injunction, residence, compensation and child custody through summary
proceedings in a magistrate’s court.
Further, remedies under this Act can be
claimed not only during the marriage but at any time thereafter. The Board does
not seem to restrain Muslim women from claiming relief under this statute even
after their marriage has been dissolved. Acknowledging the rights of Muslim
women for remedies under this civil statute is sufficed to clear any
misconception which the media may harbour.
The third positive point: In the event that
Shayara Bano wished to end her violent marriage by accepting the Talaqnama
sent by her husband, she has the option of exercising her rights under the
Muslim Women (Protection of Rights upon Divorce) Act, 1986. The agency of the
Muslim woman and her multiple choices under various legal provisions, which are
seldom highlighted, are captured in a nutshell.
The affidavit chides Shayara Bano for
rushing to the Supreme Court by way of a PIL without first benefiting from the
remedies available to her against her husband in a local court. In fact, it is
on these grounds that the affidavit claims that the PIL should be dismissed
ad-limine (at the initial stage).
The affidavit further states that these
alternate remedies are more apt as the appropriate judicial authorities can
give effective and adequate remedy. These statements help to clear the
misconception that a divorced Muslim woman has no rights under the existing
The affidavit further states that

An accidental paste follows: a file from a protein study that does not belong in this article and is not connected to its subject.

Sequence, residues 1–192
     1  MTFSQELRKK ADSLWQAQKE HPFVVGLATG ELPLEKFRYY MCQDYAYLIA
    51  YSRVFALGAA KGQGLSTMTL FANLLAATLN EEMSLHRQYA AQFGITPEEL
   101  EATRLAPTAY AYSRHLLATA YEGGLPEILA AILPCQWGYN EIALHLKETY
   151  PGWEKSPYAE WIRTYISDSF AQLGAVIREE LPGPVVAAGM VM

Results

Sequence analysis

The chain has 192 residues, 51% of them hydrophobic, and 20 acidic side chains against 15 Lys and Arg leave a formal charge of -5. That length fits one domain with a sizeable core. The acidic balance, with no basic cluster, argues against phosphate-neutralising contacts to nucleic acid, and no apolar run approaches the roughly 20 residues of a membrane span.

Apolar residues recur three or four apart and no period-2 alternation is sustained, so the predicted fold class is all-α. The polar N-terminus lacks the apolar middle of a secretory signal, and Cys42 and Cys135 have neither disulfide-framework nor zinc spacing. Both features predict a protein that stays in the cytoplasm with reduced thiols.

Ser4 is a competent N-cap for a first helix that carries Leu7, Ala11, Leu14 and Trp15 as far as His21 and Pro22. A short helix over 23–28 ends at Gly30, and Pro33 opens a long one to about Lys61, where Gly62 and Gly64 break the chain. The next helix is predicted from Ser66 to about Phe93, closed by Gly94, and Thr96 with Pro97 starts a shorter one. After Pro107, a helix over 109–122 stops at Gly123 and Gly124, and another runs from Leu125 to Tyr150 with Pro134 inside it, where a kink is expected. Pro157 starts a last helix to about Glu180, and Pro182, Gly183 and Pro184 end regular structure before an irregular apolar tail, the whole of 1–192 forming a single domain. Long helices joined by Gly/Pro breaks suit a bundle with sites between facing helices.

provisions of maintenance after divorce have been codified in the Muslim Women
(Protection of Rights on Divorce) Act, 1986, and the constitutional validity of
this Act was upheld in the Danial Latifi ruling of 2001.
The Board was a party to these proceedings
and had opposed the wider interpretation provided by the Supreme Court. But
today it seems to accept this judgment and urges Muslim women to reap its
Unfortunately, due to the negative
projection of these important milestones, Muslim women were not able to
sufficiently reap the benefits of these rulings. The affidavit seems to clear
the misconception surrounding these important rights.
It would have been better for the Board to
confine itself to these legal positions rather than contradict what is stated
in the opening paragraphs, by invoking obscurantist authorities to uphold
arbitrary, instant triple Talaq. Unfortunately, by making sensational and
outlandish comments about the necessity of validating this practice, the Board
has played into the hands of Hindu communal elements, especially before the UP
elections, and provided fodder to mount its vitriolic campaign against the
After affirming that the principle laid
down in the Shamim Ara ruling is the law of the land and is binding, these
contradictory and atrocious comments were totally unwarranted.
Since the main objective of the media is to
secure the rights of Muslim women, it would do well to publicise the fact that
the Board has encouraged Muslim women to safeguard their rights by using the
existing laws available to them.
Flavia Agnes is a women’s rights lawyer